The “living document” offers a road map for investments in housing, education, economic growth, and health and wellness as well as a framework of goals and values against which to evaluate opportunities to respond to community needs as they arise, it states. All strategies contained in the plan are a response to priorities identified by residents, and needs and opportunities unearthed through previous studies. They address the four pillars in the framework, focusing on the intent to keep residents in place and create thriving neighborhoods for work, school, home and play.
“It ensures that developers and any kind of partner that wants to come into the neighborhood are adhering to this equitable plan that’s going to lift up antiracist principles, and really shines a light on neighbors as being the center of the change and development that happens in their community,” says Leslie-Smith, who views the plan as a vehicle for the overall impact of the partnership.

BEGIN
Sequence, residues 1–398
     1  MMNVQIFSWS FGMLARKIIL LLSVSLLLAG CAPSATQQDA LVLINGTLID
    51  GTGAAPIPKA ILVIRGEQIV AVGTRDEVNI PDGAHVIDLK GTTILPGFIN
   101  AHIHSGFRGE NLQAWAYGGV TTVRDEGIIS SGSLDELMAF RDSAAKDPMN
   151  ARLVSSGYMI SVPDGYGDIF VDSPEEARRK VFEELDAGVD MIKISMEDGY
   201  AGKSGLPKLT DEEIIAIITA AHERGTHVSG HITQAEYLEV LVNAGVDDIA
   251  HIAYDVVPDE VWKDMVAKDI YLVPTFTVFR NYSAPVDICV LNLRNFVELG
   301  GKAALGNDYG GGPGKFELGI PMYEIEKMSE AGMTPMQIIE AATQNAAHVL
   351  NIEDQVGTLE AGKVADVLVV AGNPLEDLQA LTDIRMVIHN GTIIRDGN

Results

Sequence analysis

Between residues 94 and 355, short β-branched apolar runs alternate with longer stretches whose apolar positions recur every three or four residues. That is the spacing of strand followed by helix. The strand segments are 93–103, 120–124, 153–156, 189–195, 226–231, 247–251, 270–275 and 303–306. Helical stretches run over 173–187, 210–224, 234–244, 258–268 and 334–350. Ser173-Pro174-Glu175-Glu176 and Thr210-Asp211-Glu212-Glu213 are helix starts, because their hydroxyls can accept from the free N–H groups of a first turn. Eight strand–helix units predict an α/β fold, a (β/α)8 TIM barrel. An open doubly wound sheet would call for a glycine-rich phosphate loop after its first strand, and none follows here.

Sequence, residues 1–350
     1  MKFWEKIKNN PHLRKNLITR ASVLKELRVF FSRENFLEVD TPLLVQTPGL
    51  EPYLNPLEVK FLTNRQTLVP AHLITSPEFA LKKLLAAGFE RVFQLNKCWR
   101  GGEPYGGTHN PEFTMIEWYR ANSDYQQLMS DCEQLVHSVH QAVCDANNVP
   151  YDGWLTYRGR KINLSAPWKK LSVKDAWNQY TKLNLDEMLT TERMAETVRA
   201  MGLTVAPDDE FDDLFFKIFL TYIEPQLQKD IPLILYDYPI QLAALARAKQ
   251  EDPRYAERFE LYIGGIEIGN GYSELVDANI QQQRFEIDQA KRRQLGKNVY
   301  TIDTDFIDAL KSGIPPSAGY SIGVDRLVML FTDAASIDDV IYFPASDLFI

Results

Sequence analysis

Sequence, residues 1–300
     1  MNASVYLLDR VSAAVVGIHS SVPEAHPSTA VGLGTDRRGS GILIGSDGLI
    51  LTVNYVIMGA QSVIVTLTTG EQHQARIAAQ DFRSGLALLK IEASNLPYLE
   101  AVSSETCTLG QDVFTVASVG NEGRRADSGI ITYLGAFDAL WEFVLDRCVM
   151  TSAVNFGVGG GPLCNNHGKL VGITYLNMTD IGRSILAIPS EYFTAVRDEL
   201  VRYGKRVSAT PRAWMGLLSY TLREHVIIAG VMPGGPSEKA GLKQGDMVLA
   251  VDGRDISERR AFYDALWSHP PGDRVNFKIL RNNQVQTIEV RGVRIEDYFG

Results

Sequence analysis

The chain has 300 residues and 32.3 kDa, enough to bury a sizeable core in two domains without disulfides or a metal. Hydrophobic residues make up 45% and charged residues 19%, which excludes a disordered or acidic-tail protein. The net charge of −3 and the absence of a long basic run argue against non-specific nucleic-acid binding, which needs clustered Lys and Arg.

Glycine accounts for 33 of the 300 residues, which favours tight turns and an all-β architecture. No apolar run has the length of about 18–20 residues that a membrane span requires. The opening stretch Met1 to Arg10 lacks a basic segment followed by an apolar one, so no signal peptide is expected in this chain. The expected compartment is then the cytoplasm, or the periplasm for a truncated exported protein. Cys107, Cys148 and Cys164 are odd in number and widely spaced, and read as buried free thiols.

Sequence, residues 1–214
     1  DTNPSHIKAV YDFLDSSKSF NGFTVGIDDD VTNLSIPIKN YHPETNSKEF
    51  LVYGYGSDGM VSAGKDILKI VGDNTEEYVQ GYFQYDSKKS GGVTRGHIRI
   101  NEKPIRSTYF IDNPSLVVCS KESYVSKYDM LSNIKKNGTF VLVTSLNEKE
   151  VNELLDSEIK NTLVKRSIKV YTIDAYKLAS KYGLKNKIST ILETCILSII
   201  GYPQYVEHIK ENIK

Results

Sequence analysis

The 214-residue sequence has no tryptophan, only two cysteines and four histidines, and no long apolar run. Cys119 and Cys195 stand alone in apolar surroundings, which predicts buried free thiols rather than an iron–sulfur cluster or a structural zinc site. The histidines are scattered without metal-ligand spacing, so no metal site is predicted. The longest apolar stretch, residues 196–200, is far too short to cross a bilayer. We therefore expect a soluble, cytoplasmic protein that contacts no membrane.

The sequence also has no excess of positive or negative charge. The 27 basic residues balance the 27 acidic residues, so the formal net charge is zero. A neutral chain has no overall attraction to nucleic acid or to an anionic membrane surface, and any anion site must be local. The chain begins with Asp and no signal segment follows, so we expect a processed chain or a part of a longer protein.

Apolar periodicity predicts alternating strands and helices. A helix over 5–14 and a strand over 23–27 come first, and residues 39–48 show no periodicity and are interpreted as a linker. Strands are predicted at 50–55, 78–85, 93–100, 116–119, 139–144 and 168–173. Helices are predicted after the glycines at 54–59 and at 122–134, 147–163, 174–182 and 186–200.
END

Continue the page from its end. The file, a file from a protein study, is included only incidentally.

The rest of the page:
Eric Van Dusen, senior community impact relationship manager at ESL Federal Credit Union, which has donated to Connected Communities, says the plan is well developed and realistic. Van Dusen is known for his work with NeighborWorks Rochester and the Housing Council.
“They’re not expecting to be able to achieve things instantly, and they put things on timelines—this is all done working with the residents,” he says. “It’s not going to happen in a year or two, (though) some things can happen in a year or two. The art of doing place-based interventions is understanding what things can lead to the next things that can lead to the next things.”